After You'd Gone Paperback – 1 Mar 2002
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|Paperback, 1 Mar 2002||
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Like a pointillist painting, Maggie O'Farrell's fine debut After You'd Gone is, from one perspective, formless--short vignettes, told from multiple points of view and in multiple voices, that are somewhat puzzling on their own and apparently have no connection to each other. Ultimately, however, these elements merge into a coherent and moving portrait of a young woman's journey toward a life-threatening crisis.
In London, one cold day in late autumn, Alice Raikes impulsively boards a train home to Scotland. Shortly after joining her two sisters in the Edinburgh train station, she sees something "odd and unexpected and sickening" in the station's restroom that causes her to immediately flee back to London. Later that evening, while walking to the grocers, Alice broods over what she has seen, then abruptly steps into oncoming traffic. As she lies comatose in her hospital bed, a swirl of voices and images gradually reveals her past--her parents, especially her mother, Ann; her beloved grandmother, Elspeth; her two sisters, so unlike her, both physically and temperamentally; and John Friedman, whom she loved and lost--and hints at her precarious future.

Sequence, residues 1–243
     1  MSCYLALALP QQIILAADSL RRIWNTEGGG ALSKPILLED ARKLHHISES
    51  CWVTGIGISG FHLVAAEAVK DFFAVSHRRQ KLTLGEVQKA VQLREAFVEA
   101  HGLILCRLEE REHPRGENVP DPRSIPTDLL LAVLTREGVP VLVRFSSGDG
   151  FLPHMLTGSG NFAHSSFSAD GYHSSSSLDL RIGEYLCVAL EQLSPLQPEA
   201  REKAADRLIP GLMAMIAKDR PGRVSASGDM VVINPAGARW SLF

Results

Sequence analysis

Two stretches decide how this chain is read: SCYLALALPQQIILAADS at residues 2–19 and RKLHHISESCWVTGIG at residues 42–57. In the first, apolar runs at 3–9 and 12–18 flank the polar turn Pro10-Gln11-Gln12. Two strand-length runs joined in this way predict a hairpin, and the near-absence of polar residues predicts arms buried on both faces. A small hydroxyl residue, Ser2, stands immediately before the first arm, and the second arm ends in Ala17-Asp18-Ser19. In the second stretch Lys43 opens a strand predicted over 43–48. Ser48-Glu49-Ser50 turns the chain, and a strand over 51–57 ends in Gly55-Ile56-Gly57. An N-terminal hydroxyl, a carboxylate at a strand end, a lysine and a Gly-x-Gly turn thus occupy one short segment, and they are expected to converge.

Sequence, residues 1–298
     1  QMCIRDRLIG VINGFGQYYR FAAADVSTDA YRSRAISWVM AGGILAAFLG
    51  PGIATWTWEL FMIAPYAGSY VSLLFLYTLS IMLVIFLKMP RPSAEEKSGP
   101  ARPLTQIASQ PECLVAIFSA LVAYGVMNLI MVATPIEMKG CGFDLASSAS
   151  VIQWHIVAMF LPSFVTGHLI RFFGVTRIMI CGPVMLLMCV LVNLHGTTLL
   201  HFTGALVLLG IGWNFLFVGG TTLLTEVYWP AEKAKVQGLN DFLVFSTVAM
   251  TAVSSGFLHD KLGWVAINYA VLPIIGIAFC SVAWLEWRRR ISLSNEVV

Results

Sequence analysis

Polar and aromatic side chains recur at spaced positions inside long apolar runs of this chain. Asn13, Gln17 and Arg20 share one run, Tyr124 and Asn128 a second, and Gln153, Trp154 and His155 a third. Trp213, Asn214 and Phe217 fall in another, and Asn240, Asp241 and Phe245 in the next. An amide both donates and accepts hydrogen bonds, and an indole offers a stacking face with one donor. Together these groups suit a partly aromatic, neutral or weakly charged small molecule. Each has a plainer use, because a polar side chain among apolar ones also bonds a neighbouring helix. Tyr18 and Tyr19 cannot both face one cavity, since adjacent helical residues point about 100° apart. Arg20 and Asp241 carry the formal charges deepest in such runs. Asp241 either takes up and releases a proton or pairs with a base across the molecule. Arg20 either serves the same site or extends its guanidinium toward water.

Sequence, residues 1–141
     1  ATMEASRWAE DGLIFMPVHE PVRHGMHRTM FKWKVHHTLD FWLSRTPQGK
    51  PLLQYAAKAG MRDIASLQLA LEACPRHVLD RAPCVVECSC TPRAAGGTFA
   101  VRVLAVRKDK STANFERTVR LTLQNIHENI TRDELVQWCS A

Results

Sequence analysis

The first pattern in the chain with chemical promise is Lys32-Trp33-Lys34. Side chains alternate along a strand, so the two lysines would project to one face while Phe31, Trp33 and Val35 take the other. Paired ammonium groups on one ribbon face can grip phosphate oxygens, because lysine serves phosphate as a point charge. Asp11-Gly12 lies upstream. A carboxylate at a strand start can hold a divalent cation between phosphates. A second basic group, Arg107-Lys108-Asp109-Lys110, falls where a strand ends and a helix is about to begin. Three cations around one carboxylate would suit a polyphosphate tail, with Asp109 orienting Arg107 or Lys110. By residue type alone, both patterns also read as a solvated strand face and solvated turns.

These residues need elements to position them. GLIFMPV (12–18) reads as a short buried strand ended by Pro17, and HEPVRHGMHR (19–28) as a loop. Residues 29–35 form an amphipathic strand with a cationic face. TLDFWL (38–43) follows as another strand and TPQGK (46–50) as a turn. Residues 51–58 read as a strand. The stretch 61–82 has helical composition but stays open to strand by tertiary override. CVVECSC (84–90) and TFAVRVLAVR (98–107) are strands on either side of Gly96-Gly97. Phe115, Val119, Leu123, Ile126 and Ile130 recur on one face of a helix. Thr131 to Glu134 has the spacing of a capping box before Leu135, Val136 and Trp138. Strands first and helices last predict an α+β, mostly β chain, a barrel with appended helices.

The unnamed spectacle of the opening washroom scene resurfaces in Alice's semiconscious haze and its eventual elucidation comes as less of a shock than a confirmation of all we have learned about her tumultuous existence. Sharply observed details of everyday life and language, original and telling figures of speech and deftly handled plot twists reach a moving climax, while subtly raising the question of whether the objects of Alice's affection--and the sources of her agony--were worth enduring. --Alex Freeman --This text refers to an out of print or unavailable edition of this title.
"It''s the depiction of . . . deceptively small moments that is O''Farrell''s winning gift. . . . Her absorbing characters gracefully circle one another ''round the room like moths at the light bulb, '' grazing their wings against life''s raw heat instead of being consumed by it." --The New York Times Book Review
"After You''d Gone is beautifully written contemporary fiction." --The Sunday Times
"It's the depiction of . . . deceptively small moments that is O'Farrell's winning gift. . . . Her absorbing characters gracefully circle one another 'round the room like moths at the light bulb, ' grazing their wings against life's raw heat instead of being consumed by it." The New York Times Book Review
"After You'd Gone is beautifully written contemporary fiction." The Sunday Times"
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Top Customer Reviews
The other O'Farrell books left me a little disappointed, especially "My Lover's Lover", but this novel is set above the others by its clever use of cross-cutting and changes in narration. The reader is drawn into the story by the use of second person; placing us into the role of Alice and showing us the world through her eyes, before switching to a colder third person to narrate her situation in a more abstract way.